The Legislature finds itself two weeks into a fiscal legislative session, which has take some unexpected turns.
Plan A – Tax Swap
Earlier in the year, Gov. Jindal strongly advocated an ambitious goal of replacing the income tax with sales taxes as an effort to spur economic growth and make Louisiana competitive with neighboring states such as Florida and Texas, which don’t have an income tax. I thought it was certainly an idea worth examining because of its economic development potential.
However, in his opening address to the legislature, Gov. Jindal stated that he was “parking” his plan due to concerns expressed that the state was moving too fast in the tax swap direction.
Much of these concerns stemmed from the fact that replacing the $3 billion in income tax revenue with the sales tax is difficult, particularly when the overall sales tax (state and local) is approaching double digits. Adding another 2 1/4 cents to the 4 cent state sales tax raised widespread concern. Also many business owners, whose services would be taxed, feared that they would not be able to just pass the services sales tax along to their customers. For many of them, the bottom line income tax relief would not offset the top line sales tax.
Although an increase in the tobacco tax was also proposed in addition to closing certain sales tax exemptions, there was still doubt about whether the total amount raised in the swap could bear the whole weight of the loss of the income tax without some unfavorable side effects for many individuals and sectors of the economy.
Another complication is that Louisiana also has a different fiscal structure than many other states without an income tax. Texas for example, has a smaller state government with more services being funded at the local level with a hefty property tax. Although Louisiana has cut is budget by $1 billion over the past few years, it still is, from a constitutional perspective, a “big” state government designed in the Huey Long model of maximizing state control, and his statue facing the Capitol seems to be a constant reminder. Lately, the state has begun to move away somewhat from this model in transferring more control to local government, it hasn’t moved away nearly enough to be able to afford repealing the income tax.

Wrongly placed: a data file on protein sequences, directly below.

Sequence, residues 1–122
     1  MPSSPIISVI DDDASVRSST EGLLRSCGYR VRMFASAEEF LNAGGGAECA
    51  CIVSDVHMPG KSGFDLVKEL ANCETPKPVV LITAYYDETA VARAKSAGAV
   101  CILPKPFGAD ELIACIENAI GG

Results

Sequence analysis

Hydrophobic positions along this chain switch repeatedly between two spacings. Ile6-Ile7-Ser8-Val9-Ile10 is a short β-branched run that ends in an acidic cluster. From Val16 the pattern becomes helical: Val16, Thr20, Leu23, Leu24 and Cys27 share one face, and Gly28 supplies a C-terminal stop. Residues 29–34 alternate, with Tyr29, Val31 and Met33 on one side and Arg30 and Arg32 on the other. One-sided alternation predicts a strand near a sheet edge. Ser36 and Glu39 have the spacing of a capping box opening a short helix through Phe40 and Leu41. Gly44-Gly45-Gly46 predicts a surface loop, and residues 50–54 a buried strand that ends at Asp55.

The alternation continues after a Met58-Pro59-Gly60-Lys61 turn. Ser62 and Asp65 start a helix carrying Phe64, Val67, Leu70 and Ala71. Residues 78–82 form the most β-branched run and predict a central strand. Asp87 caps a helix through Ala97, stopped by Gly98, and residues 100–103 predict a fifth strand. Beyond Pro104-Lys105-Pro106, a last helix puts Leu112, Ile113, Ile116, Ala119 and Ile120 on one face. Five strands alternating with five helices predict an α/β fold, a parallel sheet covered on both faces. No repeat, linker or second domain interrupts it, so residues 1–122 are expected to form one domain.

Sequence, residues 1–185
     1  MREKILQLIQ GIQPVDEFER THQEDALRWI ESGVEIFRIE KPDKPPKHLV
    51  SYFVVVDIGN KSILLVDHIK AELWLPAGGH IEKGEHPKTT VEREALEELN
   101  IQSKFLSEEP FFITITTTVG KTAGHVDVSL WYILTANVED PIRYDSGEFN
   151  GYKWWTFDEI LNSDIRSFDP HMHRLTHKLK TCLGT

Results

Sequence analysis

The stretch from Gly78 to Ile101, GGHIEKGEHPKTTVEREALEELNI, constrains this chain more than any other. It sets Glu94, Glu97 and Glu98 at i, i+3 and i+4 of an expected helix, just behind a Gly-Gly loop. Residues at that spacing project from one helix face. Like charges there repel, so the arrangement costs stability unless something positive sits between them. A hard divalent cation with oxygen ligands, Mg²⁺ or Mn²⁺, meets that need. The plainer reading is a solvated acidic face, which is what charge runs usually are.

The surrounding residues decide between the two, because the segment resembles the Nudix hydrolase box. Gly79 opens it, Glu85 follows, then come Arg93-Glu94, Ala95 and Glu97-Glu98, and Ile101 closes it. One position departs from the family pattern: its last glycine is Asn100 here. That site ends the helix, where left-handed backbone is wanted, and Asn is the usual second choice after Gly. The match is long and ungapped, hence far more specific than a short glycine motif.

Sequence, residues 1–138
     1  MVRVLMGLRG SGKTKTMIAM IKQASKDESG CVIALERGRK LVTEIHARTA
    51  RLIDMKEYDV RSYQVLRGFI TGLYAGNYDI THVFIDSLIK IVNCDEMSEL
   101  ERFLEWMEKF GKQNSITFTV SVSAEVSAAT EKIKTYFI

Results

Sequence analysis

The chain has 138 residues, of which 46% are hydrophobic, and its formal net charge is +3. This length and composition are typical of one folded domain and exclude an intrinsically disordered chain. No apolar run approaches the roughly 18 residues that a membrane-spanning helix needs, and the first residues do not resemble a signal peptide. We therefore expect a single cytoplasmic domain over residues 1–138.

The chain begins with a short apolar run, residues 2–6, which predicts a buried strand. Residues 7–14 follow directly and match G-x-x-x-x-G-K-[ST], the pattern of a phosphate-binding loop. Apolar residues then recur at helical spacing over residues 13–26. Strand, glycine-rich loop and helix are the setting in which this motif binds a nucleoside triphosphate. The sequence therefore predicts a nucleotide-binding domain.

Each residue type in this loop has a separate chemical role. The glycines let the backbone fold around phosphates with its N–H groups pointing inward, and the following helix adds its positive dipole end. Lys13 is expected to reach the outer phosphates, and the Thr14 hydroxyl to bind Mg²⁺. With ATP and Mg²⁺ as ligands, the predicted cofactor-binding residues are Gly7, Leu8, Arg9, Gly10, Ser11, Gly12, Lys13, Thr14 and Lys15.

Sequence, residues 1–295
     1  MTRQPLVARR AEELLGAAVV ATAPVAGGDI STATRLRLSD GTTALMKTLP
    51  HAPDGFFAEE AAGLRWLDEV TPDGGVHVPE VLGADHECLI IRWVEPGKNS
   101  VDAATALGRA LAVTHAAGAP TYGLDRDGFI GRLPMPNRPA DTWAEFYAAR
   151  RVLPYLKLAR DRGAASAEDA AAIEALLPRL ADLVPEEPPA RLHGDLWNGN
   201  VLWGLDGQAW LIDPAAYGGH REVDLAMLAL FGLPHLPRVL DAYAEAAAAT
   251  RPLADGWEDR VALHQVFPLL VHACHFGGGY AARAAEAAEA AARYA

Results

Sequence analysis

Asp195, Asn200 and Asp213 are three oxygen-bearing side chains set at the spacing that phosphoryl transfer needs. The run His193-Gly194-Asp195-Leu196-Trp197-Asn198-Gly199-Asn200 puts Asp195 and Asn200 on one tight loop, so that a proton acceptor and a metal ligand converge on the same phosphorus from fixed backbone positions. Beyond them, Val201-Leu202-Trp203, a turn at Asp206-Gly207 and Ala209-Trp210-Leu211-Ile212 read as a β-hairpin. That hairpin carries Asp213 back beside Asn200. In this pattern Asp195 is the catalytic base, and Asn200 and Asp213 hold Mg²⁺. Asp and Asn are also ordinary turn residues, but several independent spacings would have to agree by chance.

Plan B – Income Tax Phaseout
With plan A parked, plan B was to move more slowly and phase out the income tax over a 10 year period, and gradually address the lost revenue with further cuts or new revenue.
However, without a specific upfront plan to replace the revenue, many were concerned that the phase out would exacerbate the existing budget problems, and those bills were deferred without discussion.
Plan C – Now What – The Budget
Following the apparent death of Plan B, the good news is that the deficit will not be exacerbated, but the bad news is that there is still a deficit of ranging from $800M to $1.3B. While there are some revenue proposals filed, the fact that they are not coupled with a tax decrease, does change their perception quite a bit.
While we are talking about general fund deficits, let’s address budget cutting. Budget cutting is difficult because 75% of the discretionary general funds (which are not protected) are for the two H’s, higher education and health care. Over the past 5 years, the funding for these areas has been as follows:
5 Year General Fund History (Legislative Fiscal Office)
Health Care $1.8 billion $1.9 billion
Higher Ed $1.4 billion $851 million
Note that higher ed has offset the cuts in general fund revenue by raising tuition and heath care has restructured significantly, privatizing operations and shedding over 7,000 state employees.
So stay tuned for Plan C…
Tim Burns, State Representative